Jessica Alba's Honest Company Faces Lawsuit for Allegedly being "Dishonest" on its "Natural" Products

September 7
9:24 PM 2015

Jessica Alba's non-toxic household and beauty products business, The Honest Company, is being sued for "dishonesty."

Jonathan Rubin filed a class action suit in the federal court of California against Alba's company for allegedly making false claims that their products are "natural." He also said some of the products weren't effective. Some of the products the lawsuit targeted included dish soaps, surface cleaners, nappies, and the company's sunscreen. Rubin claims that some of those products have synthetic chemicals, making them not "natural" as reported by International Business Times.

Consumerist reported that the lawsuit seeks $5 million in damages. The complaint claims that The Honest Company promoted their company by systematically labelling its products as "natural" or "effective" since 2012. Through this promotional strategy, Alba's company can sell the products at a 10% to 20% premium. The complainant said they bought Honest's products instead of the cheaper ones because they were lead to believe that what they bought were "natural" and "effective." This makes the promotions of Honest misleading. Some of their products use Methlisothiazolinone, Phenoxyethanol, Cocamidopropyl Betaine, and Sodium Polucrylate.

Jessica Alba said in a statement, "The allegations against us are baseless and without merit. We strongly stand behind our products and the responsibility we have to our consumers." According to a CNN report, Alba said she is proud for building the company into a business leader focused on natural ingredients and developing products consumers love. Earlier in 2015 it was under heat for its sunscreen products, which customers claim are ineffective. The company said it will "do what it takes to make it right." The consumers took to social media to express their discontent with the product, but the company is adamant, saying its sunscreen is effective.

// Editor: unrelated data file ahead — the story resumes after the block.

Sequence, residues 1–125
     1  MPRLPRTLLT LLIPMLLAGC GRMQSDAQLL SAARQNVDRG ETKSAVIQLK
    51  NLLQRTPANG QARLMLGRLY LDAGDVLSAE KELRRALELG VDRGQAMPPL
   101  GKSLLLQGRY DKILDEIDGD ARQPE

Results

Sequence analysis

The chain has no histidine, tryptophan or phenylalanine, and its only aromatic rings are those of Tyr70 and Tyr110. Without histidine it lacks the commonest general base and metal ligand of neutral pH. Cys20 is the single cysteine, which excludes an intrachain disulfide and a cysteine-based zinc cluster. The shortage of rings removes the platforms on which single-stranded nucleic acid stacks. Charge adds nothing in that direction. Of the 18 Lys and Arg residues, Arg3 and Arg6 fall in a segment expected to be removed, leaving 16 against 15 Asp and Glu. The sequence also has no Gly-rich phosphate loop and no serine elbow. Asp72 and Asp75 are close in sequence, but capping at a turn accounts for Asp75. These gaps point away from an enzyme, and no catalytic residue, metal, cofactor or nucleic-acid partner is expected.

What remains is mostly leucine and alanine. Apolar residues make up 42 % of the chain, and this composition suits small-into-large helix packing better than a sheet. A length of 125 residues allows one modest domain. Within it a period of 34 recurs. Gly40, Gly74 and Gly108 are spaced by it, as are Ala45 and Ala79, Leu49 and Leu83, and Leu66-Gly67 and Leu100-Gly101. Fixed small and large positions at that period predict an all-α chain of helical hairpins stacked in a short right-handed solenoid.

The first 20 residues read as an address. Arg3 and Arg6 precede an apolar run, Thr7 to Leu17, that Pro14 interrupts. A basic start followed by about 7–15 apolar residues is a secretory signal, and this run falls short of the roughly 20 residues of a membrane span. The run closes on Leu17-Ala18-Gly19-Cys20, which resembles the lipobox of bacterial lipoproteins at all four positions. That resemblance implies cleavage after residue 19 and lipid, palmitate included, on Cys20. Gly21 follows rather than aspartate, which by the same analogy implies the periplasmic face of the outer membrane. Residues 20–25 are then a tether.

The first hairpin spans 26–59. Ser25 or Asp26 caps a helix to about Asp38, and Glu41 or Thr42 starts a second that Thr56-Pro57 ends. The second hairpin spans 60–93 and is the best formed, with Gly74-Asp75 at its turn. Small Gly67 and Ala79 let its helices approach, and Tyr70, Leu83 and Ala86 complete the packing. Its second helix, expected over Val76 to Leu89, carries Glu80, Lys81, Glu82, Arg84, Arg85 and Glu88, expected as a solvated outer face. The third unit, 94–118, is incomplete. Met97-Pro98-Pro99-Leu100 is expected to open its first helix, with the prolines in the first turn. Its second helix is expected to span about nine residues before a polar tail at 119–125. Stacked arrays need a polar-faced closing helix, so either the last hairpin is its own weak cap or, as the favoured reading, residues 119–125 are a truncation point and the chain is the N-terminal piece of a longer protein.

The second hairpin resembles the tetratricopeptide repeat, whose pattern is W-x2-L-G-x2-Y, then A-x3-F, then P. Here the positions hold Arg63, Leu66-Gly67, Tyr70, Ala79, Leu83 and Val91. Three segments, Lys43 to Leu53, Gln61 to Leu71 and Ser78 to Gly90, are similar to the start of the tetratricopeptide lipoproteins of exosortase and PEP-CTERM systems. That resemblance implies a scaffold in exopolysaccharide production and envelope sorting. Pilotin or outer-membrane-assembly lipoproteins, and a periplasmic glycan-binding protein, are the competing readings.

Just weeks ago, the company was announced to be worth a whopping $1.7 billion. Honesty Company CEO Brian Lee said he is open for the lawsuit if other bigger companies would ban the 1,200 chemicals they do not use in their products.

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